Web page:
Identifiers are used in ways that go well beyond slapping a unique label on a relatively static document.  They help us keep track of resources that can, in the electronic environment, be highly mobile.  Legislation is often fragmented and re-combined into new expressions, some official and some not.  For many legal purposes, it is important for the fragments to be recognized as authentic, that is, carrying the same weight of authority as the work from which they were originally taken.  Current practice accommodates this through the use of a variety of officially-published finding aids, including significant ones associated with the US Code:  the Table of Popular Names, the “Short Title” notes, and Table III of the printed edition of the US Code, which is essentially a codification map. Elsewhere, we’ve referred to such a work as a “pont”, that is, something that bridges two isolated legal information resources.  Encoding  of ponts in engineered ways that facilitate use in retrieval systems is a particularly crucial function that should be supported by the identifier model.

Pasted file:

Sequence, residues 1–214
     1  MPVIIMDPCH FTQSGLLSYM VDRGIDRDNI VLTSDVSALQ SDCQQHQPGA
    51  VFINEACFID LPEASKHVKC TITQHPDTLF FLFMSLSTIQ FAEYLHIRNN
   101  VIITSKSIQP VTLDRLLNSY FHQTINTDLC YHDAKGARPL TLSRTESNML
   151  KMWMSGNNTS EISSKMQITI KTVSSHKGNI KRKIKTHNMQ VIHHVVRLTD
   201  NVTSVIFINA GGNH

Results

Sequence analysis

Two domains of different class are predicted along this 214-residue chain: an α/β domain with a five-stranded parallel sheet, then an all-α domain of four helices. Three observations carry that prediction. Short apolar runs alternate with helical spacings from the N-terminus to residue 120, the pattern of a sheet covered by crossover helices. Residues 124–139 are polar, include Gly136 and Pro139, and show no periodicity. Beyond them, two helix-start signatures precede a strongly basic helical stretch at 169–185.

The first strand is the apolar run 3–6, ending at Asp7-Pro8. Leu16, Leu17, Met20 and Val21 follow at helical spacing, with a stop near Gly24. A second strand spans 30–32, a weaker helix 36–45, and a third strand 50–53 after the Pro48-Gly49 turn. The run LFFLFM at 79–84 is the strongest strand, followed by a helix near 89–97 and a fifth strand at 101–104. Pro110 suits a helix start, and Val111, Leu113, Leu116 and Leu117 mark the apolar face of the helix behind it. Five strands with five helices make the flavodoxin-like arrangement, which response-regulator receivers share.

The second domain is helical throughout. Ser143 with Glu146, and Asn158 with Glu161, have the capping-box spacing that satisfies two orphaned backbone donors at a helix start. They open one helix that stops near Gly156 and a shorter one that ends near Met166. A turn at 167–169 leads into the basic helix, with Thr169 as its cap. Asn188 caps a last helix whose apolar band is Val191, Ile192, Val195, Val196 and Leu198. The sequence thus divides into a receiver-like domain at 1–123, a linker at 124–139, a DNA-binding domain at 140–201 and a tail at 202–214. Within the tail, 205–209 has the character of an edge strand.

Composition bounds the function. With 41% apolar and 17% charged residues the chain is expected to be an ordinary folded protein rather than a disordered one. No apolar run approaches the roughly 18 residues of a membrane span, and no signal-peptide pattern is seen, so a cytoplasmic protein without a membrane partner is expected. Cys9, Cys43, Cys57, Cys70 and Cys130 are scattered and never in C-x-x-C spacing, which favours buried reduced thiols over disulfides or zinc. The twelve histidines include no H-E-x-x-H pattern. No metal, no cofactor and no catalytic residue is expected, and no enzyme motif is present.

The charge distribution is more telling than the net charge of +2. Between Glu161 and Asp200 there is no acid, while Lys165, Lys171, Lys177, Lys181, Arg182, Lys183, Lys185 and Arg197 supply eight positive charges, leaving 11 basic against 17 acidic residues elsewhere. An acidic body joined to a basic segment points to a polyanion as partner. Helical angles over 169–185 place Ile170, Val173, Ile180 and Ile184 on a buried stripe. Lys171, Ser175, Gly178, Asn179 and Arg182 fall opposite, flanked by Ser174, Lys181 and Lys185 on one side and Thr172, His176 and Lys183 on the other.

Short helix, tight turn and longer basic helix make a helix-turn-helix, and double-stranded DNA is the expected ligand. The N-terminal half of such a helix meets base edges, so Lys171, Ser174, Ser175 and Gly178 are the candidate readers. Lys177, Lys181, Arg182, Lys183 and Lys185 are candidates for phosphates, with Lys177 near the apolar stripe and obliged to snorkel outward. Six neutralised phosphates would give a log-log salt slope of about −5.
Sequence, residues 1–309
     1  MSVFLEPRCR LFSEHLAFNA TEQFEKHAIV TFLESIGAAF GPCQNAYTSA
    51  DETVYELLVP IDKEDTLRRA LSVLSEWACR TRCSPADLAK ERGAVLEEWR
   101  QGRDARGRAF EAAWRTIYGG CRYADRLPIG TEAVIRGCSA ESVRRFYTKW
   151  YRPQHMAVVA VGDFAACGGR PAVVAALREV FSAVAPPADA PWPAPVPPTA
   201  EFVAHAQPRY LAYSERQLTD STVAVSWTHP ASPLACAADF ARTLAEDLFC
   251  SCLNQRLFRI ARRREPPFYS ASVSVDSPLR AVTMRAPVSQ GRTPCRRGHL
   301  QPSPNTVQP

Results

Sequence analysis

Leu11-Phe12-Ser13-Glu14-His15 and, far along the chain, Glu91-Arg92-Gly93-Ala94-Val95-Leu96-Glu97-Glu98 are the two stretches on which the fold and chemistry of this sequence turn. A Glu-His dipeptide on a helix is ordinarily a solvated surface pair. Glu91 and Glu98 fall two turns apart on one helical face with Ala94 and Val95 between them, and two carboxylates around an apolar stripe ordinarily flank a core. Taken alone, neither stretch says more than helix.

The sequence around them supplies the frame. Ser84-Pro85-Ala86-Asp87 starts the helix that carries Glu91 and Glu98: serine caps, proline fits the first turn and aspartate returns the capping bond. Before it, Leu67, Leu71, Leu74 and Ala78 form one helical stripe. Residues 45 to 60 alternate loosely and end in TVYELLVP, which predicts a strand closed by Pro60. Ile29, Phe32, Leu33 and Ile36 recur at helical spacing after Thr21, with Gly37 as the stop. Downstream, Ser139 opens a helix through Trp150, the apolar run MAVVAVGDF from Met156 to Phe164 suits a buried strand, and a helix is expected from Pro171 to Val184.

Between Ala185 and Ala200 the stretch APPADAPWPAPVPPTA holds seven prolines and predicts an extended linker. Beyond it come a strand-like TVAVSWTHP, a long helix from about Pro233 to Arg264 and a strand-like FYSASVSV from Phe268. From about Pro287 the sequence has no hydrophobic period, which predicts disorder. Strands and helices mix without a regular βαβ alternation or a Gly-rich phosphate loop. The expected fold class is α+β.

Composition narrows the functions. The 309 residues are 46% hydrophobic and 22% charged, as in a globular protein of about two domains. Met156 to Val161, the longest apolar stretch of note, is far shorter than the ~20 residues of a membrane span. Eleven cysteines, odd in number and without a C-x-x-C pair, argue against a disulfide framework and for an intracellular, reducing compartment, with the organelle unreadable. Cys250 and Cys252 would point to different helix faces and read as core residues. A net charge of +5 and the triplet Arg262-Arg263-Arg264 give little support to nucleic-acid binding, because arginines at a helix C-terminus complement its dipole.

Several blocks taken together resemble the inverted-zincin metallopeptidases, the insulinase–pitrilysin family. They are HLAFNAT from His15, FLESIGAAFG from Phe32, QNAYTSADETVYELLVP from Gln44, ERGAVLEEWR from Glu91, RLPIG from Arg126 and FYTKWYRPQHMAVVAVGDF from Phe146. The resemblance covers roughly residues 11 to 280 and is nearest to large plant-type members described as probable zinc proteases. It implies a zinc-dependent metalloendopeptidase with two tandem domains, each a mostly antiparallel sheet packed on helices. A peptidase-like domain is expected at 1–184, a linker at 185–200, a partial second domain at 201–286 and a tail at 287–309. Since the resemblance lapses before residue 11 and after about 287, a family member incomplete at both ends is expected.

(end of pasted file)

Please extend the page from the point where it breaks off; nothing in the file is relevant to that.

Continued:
Codification presents challenges, the more so because it can erect substantial barriers for inexperienced researchers.  Citizens often seek legislation by popular name (“Wild Horse Annie Act”). They don’t get far.  The problem is usually (though not always) more difficult than simply uncovering an association between the popular name of the act they’re seeking and some coherent chunk of the United States Code, or a fragment within a document that carries a Public Law number.  Often, the original legislation has been codified in ways that scatter fragments over multiple Titles of the US Code.

That is so because even a coherent piece of legislation — and many are not —  typically addresses a bundle of issue-related concerns, or the needs of a particular constituency.  A “farm bill” might contain provisions related to tax, land use, regulation of commodities, water rights, and so on.  All of those belong in very different places under the system of topics used by the US Code.  Thus, legislation is fragmented and recombined during the process of codification.  While this results in much more coherent intellectual organization of statutes over the long term, it makes it difficult for users to exchange the tokens they have — usually the popular name of an Act, or some other moniker assigned by the press (“Obamacare”) — for access to what they are seeking.